The M.A. in Economics degree requires 12 hours of core courses, 3 hours of research (individual research project), 6 hours of field courses and 9 hours of elective courses. A total of 30 credit hours is required to graduate.
1.1 Required core courses (ECON 6000-level)
- ECON 6100: Microeconomic Theory
- ECON 6200: Macroeconomic Theory
- ECON 6500: Statistical Analysis
- ECON 6600: Econometrics
1.2 Required research project
All students must complete a substantive research project by taking either ECON 7910 or ECON 7920 or by completing such a project in a required field course (with the approval of the GPED Director).
1.3 Required field courses (ECON 7000-level)
Students must take at least 6 credit hours from the following field courses:
- ECON 7100: Project Evaluation
- ECON 7500: The Chinese Economy
- ECON 7600: International Trade and Economic Development
- ECON 7881: Special Topics in Development Policies
- ECON 7882: Special Topics in Development Policies
- ECON 7910: Seminar in Research on Economic Development
- ECON 7920: Seminar in Research on Economic Development
1.4 Elective courses:
Students must take 9 credit hours of elective courses.
These electives may be chosen from the following:
1.4.1 GPED Electives: Any GPED class not counted toward a required field course may count as an elective.
1.4.2 Electives outside GPED but within Economics or Financial Economics
Only ECON courses with numbers higher than the ECON 5000-level (listed below) can count toward the the Master's degree:
- ECON 5050: Topics in Econometrics
- ECON 5100: Wages, Employment, and Labor Markets
- ECON 5110: Macroeconomic Models for Policy Analysis
- ECON 5230: Urban Economics
- ECON 5240: Poverty and Discrimination
- ECON 5250: Industrial Organization
- ECON 5260: Game Theory with Economic Applications
- ECON 5300: Financial Instruments and Markets
- ECON 5350: Economics of Health
- ECON 5610: International Finance
- ECON 5650: Development Economics
- FNEC 5700: Investment Analysis
- FNEC 5705: Financial Management
1.4.3 ECON or FNEC courses below 5000 as electives: With prior permission of the GPED Director and the relevant instructor, a GPED student might take a course for graduate credit on a topic available only in an undergraduate course (numbered below 5000).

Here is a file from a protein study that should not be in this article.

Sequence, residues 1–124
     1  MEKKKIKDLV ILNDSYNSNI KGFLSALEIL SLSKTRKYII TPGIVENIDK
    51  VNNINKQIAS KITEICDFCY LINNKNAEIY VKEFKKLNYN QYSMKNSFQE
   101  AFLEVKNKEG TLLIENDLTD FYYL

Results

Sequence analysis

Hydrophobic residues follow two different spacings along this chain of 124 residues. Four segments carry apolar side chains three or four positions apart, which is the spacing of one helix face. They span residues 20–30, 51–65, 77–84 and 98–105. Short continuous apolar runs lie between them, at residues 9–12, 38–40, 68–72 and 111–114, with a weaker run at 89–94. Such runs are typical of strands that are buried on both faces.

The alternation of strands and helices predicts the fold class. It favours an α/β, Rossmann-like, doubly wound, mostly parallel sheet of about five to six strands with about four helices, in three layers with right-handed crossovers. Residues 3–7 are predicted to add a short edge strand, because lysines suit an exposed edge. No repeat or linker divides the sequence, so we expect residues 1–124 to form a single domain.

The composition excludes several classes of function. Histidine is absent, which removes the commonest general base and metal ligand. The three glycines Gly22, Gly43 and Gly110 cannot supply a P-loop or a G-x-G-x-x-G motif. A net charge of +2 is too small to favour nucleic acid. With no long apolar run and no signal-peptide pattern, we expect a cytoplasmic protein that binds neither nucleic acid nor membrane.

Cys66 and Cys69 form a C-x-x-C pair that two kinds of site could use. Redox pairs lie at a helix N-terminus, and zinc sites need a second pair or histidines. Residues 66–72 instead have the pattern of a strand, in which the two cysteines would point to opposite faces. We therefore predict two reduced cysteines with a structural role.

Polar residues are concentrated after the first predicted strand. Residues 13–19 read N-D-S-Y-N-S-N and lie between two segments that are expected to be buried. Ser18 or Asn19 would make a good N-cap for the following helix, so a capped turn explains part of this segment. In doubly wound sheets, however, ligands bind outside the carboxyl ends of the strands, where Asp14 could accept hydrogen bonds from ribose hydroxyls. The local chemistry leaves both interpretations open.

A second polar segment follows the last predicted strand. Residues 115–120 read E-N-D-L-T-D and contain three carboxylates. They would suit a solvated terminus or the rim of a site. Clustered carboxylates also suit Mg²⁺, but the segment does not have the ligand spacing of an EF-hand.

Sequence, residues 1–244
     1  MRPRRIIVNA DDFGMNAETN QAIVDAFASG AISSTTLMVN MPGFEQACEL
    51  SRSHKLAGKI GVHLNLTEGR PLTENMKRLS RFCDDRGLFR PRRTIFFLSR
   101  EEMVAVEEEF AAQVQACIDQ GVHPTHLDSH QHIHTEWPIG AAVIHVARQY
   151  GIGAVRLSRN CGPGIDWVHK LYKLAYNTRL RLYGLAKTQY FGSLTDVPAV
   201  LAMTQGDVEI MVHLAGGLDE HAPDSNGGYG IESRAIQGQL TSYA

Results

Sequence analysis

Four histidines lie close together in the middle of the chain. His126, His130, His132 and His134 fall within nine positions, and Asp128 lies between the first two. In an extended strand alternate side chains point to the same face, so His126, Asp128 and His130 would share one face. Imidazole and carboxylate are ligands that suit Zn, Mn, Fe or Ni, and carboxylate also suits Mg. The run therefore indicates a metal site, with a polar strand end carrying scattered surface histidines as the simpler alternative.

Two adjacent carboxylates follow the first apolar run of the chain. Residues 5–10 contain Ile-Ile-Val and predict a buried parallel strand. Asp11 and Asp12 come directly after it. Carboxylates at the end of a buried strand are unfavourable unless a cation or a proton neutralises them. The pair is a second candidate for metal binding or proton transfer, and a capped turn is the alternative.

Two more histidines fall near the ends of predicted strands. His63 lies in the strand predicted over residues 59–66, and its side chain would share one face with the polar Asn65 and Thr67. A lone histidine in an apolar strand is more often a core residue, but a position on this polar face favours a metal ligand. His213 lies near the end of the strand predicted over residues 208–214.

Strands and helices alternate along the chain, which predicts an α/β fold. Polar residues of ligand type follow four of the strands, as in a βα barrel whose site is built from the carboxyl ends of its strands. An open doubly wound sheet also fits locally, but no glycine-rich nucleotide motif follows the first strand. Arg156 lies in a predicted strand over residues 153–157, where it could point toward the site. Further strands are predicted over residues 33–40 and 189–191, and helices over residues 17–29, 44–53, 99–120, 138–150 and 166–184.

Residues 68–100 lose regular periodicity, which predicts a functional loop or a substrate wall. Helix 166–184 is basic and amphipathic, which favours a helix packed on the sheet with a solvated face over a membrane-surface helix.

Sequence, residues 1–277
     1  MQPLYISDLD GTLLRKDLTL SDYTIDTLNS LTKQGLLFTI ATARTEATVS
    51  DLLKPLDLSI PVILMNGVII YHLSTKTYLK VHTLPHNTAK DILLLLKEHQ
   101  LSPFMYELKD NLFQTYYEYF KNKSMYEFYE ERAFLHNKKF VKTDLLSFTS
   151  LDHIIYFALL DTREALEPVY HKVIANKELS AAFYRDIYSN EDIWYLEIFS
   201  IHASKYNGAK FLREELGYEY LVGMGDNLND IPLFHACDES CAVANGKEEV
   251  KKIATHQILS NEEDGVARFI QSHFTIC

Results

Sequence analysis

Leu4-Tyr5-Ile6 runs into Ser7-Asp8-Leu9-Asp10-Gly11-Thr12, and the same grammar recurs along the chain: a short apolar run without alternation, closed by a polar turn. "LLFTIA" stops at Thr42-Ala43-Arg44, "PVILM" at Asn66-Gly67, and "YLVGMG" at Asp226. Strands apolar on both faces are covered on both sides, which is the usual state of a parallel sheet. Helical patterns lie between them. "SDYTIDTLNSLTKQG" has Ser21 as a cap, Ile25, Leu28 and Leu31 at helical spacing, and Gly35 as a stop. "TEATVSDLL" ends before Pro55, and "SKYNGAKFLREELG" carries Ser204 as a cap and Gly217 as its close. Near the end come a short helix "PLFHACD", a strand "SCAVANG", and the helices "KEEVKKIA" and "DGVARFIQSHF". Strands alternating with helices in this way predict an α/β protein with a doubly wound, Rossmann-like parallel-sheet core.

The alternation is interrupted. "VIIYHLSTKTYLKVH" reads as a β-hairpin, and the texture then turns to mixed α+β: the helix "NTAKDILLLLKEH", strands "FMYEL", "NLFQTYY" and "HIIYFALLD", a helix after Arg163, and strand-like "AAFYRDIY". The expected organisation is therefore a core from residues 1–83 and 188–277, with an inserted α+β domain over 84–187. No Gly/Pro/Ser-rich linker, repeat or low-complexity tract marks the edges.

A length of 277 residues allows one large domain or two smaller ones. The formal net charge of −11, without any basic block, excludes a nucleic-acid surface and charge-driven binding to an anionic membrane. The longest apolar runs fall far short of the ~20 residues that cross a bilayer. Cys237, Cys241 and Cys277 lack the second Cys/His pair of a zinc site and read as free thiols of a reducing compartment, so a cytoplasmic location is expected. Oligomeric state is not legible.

1.4.4 Ph.D.-level ECON courses as electives: With prior permission of the Director of Graduate Studies of the Economics Department and the relevant instructor, GPED students may be able to enroll in Ph.D.-level economics courses in their second year.
1.4.5 Electives outside Economics or Financial Economics: Some of the courses offered by the Owen Graduate School of Management, the School of Engineering, Peabody College of Education and Human Development, as well as other departments and programs in the College of Arts and Science such as Asian Studies, History, Managerial Studies, Mathematics, Political Science, etc. could also count towards GPED electives. However, the following rules apply to non-ECON electives:
- Only those courses that are listed in the Vanderbilt Graduate Catalog can count towards graduate (GPED) credit.
- Students must first obtain permission from the GPED Director if taking more than 6 hours (two 3-hour courses, or three 2-hour courses) of elective courses outside the Department (i.e. courses other than those listed as ECON or FNEC in university catalogs).
A week before Commencement each year, GPED students, their families, faculty, deans, directors and staff of the Program come together for a delightful evening to honor the graduating class. The program offers several academic awards in recognition of outstanding academic achievement. The most coveted award, the "GPED Award," recognizes citizenship, leadership, and helpfulness toward fellow students.
The GPED also presents the Worley Award and Ferguson Award each year to students in the first year class. A description of each award follows.
James S. and Rosemary Worley Award
In 1997, alumni of the Graduate Program in Economic Development, friends and family of Emeritus Professor James S. Worley and his wife Rosemary established an award in their names which is given annually to an outstanding student(s) in the first-year class.
James Worley, Director of the GPED for 25 years is credited with building the program to its position of strength. Under his leadership, the mission of the GPED, which was to train government officials and university teachers from developing countries, became more clearly defined, and the program developed strong and lasting relationships with people and governments around the world.
The criteria for receiving this award include, but are not limited to, academic merit, interest in the GPED and commitment to economic development.
William Edward Ferguson Jr. Award
The Ferguson Award was endowed by William Edward Ferguson Jr., Registrar of the Graduate School from 1967 to 1992 and long-time friend of the GPED. This award was established in 2003. It rewards a commitment to community service and volunteerism and is presented to a first-year GPED student.